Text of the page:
After Pervis Payne was convicted in the 1987 double murder of Chrisse Christopher and her daughter, Lacie, the judge allowed Christopher’s mother, Mary Zvolanek, to tell the sentencing jury about the emotional impact of the crime on the victim’s family. Zvolanek described how her grandson, Nicholas, had been affected by the murders of his mother and sister:
He cries for his mom. He doesn’t seem to understand why she doesn’t come home. And he cries for his sister, Lacie. He comes to me many times during the week and asks me, “Grandmama, do you miss my Lacie.” And I tell him, “Yes.” He says, “I’m worried about my Lacie.”
The jury sentenced Payne to death.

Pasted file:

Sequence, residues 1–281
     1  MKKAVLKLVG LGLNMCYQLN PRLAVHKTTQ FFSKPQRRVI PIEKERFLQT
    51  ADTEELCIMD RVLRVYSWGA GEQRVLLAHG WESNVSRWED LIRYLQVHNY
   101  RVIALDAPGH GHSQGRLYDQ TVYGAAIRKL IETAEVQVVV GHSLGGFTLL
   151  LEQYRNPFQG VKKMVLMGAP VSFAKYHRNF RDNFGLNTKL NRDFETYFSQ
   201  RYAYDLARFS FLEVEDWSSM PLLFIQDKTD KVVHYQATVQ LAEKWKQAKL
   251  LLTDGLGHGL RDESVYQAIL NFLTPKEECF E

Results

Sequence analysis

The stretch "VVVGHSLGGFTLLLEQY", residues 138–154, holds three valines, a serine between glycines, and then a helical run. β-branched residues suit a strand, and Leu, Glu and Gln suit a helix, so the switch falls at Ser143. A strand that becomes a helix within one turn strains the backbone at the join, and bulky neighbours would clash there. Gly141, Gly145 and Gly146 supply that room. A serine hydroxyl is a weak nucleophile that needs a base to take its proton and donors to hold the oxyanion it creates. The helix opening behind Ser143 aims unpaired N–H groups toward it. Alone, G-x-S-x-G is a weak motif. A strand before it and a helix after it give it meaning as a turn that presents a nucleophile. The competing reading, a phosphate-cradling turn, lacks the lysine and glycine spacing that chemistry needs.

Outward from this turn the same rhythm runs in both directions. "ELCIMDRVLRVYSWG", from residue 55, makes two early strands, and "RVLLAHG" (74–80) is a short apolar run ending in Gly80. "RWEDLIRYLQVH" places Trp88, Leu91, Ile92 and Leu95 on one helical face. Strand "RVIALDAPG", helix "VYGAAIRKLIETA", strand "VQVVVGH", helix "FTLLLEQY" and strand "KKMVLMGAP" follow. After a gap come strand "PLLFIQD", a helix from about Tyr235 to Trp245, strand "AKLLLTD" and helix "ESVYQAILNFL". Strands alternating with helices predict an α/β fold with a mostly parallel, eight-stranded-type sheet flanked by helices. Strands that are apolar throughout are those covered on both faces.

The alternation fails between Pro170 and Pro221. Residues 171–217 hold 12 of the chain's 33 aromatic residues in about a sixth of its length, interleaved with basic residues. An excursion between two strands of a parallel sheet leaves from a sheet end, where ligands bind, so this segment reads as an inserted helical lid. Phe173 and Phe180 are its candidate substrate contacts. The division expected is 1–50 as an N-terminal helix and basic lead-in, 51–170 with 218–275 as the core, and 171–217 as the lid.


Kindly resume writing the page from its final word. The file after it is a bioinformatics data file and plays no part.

In a 5-to-4 decision, the U.S. Supreme Court ruled in Payne v. Tennessee that victim-impact statements delivered by crime victims’ family members are admissible at capital sentencing hearings, reversing its own decision of just two years earlier in Booth v. Maryland. The Booth decision had barred the statements, viewing them as emotionally charged testimony that would divert the jury’s attention from the defendant’s responsibility for the crime and focus it on the character and identity of the victim. The Payne decision not only dismissed this concern; it found that the statements were valuable precisely because they remind sentencing juries and judges “that the victim is an individual whose death represents a unique loss to society and in particular to his family.” It rejected the argument that the statements would influence sentencing based on irrelevant factors, such as the victim’s attractiveness, respectability, social class, or race.